Shape as Memory written by Michael Layton was published in 2006. The author is a professor in the Department of Psychology at Rutgers University. In the same year, the book won the Presidential Young Investigatory Award for outstanding work in the field of cognitive science. In its time, this book has made a significant contribution to the multi-disciplinary research that began using computational techniques. Some of them are in the field of meteorology and geophysics to examine storm, mathematical, flight design, to art studies. This title is part of six other Leyton books centered on process-grammar: a method for describing the formation of an object through the bending of geometric objects. In Shape as Memory, Leyton explains the implication of process-design methods in the world of architecture.
The development of geometry for three thousand years is in tune with Euclid’s conception of congruence over the basic forms of symmetrical geometry. The architecture also felt the impact, which was most evident in the development of the shape of the building. Combination of cartesian axis with design using paper media, building form is still limited. In this modern era, computer equipment is very helpful for the birth of new forms. More expressive formations such as the realization of a painting or a work with CAD help. The computer itself is closely related to memory, not just about the power of computer records of an activity. Memory is also about humans who use it as a tool to find the physical form of the building, so the building can speak and read history formation.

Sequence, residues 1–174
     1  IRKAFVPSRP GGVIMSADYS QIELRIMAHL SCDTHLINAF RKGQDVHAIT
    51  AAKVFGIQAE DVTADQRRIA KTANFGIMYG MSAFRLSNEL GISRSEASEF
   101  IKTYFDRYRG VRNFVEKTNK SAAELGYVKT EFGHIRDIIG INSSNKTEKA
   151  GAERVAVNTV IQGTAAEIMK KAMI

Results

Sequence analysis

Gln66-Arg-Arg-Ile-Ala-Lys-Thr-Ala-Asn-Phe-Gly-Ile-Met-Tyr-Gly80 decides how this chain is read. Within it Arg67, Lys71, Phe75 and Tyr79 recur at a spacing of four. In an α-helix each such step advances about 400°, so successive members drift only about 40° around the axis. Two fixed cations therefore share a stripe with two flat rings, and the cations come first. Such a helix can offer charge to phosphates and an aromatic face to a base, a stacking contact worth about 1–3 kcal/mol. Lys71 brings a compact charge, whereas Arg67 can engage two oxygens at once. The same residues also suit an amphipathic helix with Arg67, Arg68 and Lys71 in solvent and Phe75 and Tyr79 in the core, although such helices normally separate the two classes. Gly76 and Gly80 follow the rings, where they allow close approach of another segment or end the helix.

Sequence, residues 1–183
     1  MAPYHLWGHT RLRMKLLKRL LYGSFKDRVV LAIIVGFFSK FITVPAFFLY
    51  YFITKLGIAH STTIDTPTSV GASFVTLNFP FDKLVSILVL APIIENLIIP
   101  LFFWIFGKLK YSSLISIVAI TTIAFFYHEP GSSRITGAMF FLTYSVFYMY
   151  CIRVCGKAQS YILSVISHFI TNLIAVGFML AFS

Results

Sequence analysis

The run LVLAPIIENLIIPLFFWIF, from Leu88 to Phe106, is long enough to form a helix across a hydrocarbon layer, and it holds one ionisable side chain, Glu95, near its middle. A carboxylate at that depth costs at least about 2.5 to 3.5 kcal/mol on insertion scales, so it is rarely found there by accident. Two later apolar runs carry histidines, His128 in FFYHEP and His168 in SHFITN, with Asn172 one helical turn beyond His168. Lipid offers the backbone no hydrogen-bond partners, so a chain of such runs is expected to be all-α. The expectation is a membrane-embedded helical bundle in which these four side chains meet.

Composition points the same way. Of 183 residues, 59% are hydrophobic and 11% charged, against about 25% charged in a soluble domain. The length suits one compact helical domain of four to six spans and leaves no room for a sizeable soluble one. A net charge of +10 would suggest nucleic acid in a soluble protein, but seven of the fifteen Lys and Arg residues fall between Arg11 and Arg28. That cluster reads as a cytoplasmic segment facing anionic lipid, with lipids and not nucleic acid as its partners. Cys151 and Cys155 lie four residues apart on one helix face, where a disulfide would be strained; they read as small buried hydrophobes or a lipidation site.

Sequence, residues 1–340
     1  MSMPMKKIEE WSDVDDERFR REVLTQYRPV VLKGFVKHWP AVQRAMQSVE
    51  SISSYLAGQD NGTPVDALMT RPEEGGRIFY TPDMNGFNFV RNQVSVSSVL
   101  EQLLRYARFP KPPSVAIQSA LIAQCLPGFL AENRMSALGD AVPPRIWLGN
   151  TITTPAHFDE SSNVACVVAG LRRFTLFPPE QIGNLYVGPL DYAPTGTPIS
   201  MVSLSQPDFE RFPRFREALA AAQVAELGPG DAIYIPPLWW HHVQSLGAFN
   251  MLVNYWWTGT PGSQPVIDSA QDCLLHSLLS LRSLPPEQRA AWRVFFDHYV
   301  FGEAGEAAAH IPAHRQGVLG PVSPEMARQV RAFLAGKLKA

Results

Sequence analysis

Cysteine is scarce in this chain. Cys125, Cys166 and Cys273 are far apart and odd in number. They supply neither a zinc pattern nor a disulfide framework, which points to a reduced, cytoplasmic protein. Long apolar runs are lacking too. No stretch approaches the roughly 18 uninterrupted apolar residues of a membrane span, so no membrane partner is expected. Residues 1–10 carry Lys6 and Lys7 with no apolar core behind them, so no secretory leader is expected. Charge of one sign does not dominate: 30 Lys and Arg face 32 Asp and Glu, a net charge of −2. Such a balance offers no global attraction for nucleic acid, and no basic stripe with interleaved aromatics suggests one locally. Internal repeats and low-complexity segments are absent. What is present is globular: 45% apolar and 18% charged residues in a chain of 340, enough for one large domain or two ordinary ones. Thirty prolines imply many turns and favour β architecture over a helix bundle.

Let’s learn and be inspired!
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